“Spring is blooming at Meadowsweet nature reserve. Although the sunshine is drawing in the visitors like never before, events co-ordinator Abby knows she’s treading on thin ice. She’s spending more and more time with village newcomer Jack, and she’ll need to make a real success of the springtime camping extravaganza at the reserve if she’s to keep her disgruntled boss off her back.
Abby hasn’t thrown too many questions at Jack about his shadowy past – she’s enjoying the budding romance, so why break the spell? But when the secrets start spilling out and a glamorous blonde presenter from the nature show, Wild Wonders, turns Jack’s head, Abby knows it’s time to face the music…”
Part three of Cressida’s new four part serial and things are finally moving on between Abby and Jack – hurrah! Abby’s feelings for Jack have grown stronger along with mine as a reader, very cleverly managed by the author, and I am happy that Abby had finally managed to put her reservations aside and admit to herself how she feels.
However, there are still a few spanners to be thrown in the path of true love, as you would expect. Abby’s boss at the nature reserve is not happy that Abby is becoming distracted from her work as event co-ordinator, just when the reserve needs her most. Abby’s sister still has reservations about Jack and is not backward about sharing them, and Jack’s nemesis has come out of the woodwork to stir the pot and imply that Abby still does not have the full story about Jack’s troubled past.
I really enjoyed the camping weekend event that was organised at the reserve, and the first signs of thawing in the frosty Penelope, but the reserve’s situation seems to be coming ever more precarious and a sinister figure is now stalking the reserve to press the point home. We are left wondering if the reserve can be saved, what will be the fate of Swallowtail House and why is Flick Hunter hanging around? Is is because of Jack?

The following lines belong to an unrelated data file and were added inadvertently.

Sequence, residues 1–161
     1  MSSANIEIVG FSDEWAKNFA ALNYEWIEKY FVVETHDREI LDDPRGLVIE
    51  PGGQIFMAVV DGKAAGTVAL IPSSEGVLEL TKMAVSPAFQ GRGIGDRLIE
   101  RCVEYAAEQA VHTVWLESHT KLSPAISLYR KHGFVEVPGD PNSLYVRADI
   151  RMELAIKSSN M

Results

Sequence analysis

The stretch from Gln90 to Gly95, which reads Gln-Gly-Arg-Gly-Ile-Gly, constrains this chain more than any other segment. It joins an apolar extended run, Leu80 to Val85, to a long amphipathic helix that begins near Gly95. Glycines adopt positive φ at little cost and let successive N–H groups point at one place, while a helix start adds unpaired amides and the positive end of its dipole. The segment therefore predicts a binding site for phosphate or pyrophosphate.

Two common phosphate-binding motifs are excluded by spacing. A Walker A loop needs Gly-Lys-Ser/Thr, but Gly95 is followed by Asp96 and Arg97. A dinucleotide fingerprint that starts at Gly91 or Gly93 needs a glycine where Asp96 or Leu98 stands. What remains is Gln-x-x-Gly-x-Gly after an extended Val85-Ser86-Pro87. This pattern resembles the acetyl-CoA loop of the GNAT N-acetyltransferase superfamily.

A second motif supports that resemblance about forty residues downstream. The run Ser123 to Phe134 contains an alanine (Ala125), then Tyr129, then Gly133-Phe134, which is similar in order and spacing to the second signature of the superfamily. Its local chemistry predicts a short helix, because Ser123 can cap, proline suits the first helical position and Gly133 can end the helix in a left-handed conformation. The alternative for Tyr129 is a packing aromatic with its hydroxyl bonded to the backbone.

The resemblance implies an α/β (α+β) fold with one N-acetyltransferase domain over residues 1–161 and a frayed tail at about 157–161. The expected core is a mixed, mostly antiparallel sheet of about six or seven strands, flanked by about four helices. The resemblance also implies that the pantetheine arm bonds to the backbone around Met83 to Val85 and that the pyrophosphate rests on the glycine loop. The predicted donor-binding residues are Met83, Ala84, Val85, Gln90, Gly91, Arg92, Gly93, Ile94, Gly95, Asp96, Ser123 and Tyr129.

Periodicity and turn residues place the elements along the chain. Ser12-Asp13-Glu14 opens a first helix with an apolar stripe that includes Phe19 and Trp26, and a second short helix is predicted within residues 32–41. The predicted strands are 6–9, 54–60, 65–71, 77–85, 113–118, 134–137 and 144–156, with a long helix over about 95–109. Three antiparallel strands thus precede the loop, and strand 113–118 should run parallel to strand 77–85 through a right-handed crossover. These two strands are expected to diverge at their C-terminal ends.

As a contrast to her wellie-clad work at the reserve, Abby attends a glamorous literary function with Jack as he tries to redeem his reputation in the literary world. This seems to be working until Eddie pops up, trying to scupper his chances and he draws Abby into his scheme to re-blacken Jack’s name. I wonder if Abby is prepared to be pulled out of her safe little world in Meadowsweet and into the spotlight, and whether Eddie will succeed in arousing further doubts in her mind about Jack.
Cressida does a great job of balancing the romance and tension and suspense in this instalment of the series, it was my favourite one of the series so far. We are fully immersed in the charming village of Meadowsweet and the travails of the reserve that they are as important to the reader as to the characters. At the same time, I am rooting for the romance of Abby and Jack.
My only problem with this book is that it was way too short and left on the cliffhanger of Jack finally revealing all of the details of his turbulent past. Will it be something Abby can live with? Will her sister’s doubts be allayed? What is the fate of Meadowsweet Reserve and Swallowtail House? Will Abby be able to do enough to save them? I am also sure that there is more to come from Flick Hunter and the presence of Wild Wonders at the rival Reston reserve.
Watch this space, the denouement is thankfully only a week away!
The House of Birds and Butterflies: Twilight Song is out now and you can buy a copy here. All four parts of The House of Birds and Butterflies will be released as a single paperback on 9 August 2018 and you can pre-order a copy here.
Thank you to Harper Collins and NetGalley for the copy of this book which I have reviewed honestly and impartially.
About the Author
Cressy was born in South East London surrounded by books and with a cat named after Lawrence of Arabia. She studied English at the University of East Anglia and now lives in Norwich with her husband David.
Cressy’s favourite things – other than writing – include terrifying ghost stories, lava lamps and romantic heroes, though not necessarily at the same time. (Though perhaps a good starting point for a story . . ?)
When she isn’t writing, Cressy spends her spare time reading, returning to London or exploring the beautiful and romantic Norfolk coastline.
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